Quote of the Day:

President Donald Trump’s budget is at once madness and genius.

–Economist Peter Morici

I guess if you are President Trump and receive so must hostility from the media, being called a mad genius is a compliment.

In a column headlined "Trump's Mad Genius Budget Cuts the Bloat that Is Strangling Us," economist Peter Morici offers some fascinating thoughts on the proposed budget:

It reaches far beyond what Congress will approve and defies what economics textbooks say should happen. However, if its essential provisions are preserved, the plan would avert fiscal calamity, and restore prosperity and hope for the nation’s most struggling citizens.

At its core, it proposes to cut the bloat in discretionary government programs and entitlements — things voter-pandering moderate Republicans and liberal Democrats are wont to protect — and balance the budget.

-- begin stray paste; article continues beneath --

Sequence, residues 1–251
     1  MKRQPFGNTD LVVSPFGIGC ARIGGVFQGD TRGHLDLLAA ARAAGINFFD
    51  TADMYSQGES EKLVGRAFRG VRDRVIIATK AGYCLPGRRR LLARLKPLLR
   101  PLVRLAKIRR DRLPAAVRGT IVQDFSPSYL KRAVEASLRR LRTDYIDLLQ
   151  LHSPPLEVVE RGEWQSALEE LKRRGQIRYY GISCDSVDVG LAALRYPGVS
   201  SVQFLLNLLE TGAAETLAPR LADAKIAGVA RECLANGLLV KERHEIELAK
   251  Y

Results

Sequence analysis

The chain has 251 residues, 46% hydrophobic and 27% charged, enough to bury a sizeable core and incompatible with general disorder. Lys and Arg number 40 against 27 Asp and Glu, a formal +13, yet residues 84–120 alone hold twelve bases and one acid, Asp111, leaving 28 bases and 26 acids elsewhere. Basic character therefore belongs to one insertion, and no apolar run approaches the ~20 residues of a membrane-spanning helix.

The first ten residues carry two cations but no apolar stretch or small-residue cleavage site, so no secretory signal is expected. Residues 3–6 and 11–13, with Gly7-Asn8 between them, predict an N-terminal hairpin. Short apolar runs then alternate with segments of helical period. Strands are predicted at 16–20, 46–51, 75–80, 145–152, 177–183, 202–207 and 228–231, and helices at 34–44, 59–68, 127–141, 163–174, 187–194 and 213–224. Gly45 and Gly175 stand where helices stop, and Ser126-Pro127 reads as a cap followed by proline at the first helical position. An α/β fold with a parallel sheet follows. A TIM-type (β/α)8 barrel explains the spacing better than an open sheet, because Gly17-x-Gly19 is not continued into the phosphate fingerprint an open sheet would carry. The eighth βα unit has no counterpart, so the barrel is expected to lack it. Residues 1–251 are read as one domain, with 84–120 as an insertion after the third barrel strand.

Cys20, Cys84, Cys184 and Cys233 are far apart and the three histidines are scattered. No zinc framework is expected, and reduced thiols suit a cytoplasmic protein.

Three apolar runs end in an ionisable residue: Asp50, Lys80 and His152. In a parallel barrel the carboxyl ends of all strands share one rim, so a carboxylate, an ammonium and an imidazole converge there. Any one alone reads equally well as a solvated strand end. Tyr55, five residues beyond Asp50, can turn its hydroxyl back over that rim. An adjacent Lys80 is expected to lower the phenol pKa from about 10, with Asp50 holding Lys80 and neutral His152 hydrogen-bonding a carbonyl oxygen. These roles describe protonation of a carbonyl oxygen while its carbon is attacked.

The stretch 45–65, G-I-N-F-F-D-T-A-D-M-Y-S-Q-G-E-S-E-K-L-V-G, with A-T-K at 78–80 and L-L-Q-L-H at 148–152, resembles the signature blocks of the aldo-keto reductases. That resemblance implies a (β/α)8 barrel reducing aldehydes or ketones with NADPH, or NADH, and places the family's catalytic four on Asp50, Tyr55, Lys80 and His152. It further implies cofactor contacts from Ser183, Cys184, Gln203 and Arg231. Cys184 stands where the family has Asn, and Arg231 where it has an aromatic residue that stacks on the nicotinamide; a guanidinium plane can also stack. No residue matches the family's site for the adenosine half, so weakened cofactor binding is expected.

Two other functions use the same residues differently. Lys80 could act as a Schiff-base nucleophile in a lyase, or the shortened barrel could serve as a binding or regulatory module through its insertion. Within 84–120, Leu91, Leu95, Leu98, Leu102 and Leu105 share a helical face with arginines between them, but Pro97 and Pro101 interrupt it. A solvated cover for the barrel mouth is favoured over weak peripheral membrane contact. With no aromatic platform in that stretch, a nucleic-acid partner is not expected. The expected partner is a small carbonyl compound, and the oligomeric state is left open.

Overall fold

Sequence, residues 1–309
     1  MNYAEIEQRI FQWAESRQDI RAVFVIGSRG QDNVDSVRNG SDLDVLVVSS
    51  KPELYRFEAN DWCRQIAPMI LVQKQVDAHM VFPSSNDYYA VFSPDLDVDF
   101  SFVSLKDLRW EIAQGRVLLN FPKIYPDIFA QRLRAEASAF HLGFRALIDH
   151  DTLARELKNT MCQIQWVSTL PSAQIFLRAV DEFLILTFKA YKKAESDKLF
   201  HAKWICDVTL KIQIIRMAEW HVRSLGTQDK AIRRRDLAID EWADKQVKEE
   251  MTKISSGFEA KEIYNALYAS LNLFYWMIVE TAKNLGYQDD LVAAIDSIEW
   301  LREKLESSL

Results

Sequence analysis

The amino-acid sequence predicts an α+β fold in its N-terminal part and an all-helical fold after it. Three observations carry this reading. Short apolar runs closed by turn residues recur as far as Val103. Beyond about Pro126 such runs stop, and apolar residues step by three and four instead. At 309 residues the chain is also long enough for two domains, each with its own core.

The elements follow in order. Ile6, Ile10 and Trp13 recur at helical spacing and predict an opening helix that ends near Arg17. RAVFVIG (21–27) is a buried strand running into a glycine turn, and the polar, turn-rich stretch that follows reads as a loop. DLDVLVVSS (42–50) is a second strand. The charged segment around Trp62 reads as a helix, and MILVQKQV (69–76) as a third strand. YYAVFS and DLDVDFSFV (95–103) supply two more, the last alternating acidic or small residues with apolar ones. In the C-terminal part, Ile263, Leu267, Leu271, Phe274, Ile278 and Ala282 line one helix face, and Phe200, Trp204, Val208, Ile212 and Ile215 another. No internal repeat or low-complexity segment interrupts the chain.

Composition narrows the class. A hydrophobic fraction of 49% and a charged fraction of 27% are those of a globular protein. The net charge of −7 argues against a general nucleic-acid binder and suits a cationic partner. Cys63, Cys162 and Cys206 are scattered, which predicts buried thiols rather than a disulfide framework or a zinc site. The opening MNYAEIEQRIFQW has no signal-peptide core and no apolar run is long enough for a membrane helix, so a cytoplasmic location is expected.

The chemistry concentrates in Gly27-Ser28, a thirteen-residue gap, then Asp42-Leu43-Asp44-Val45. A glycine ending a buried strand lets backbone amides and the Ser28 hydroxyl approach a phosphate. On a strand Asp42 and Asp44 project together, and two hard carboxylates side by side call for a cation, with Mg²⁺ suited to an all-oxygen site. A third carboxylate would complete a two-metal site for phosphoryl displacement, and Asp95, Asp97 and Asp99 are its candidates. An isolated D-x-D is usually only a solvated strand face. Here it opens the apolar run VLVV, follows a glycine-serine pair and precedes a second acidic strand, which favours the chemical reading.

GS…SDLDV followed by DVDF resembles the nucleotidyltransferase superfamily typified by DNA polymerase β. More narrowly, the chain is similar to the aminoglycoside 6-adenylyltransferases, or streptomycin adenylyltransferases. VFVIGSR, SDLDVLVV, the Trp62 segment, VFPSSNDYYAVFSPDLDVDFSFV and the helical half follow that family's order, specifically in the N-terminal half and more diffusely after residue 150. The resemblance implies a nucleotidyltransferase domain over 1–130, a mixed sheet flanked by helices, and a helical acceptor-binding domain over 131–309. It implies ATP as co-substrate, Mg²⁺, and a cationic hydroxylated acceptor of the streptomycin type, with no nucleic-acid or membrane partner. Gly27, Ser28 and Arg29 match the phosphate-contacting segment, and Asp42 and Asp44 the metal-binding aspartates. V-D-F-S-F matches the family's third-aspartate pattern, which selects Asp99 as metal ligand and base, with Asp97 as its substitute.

Keynesian economics says the latter should tank the economy. However, government profligacy has its stimulative limits. Spending and taxing can go beyond boosting demand to strangling supply by killing the very will to work and invest.

Trump’s budget strikes the steel stake at midnight to the heart of this vampire.

Where will the cuts come?

The Trump budget leaves intact essential benefits to seniors—old age pensions and Medicare—but goes after programs like food stamps, Medicaid and Social Security disability programs. These were originally intended to aid poor children, mothers and the genuinely infirm but thanks to changes in laws and enforcement in the wake of the financial crisis, those have been opened to able-bodied adults—even those who refuse to work.

But won't the Democrats scream that the budget will harm the poor? Sure, but . . .

Be clear—Trumps cuts are not aimed at denying poor infants their formula or sustenance to their mothers!

The history of introducing work requirements into food stamps and welfare indicates that those move people off the rolls or at least make them less dependent on handouts. Workforce participation and incomes go up and poverty goes down.

Sometimes less does equal more!

Morici's article is well worth reading.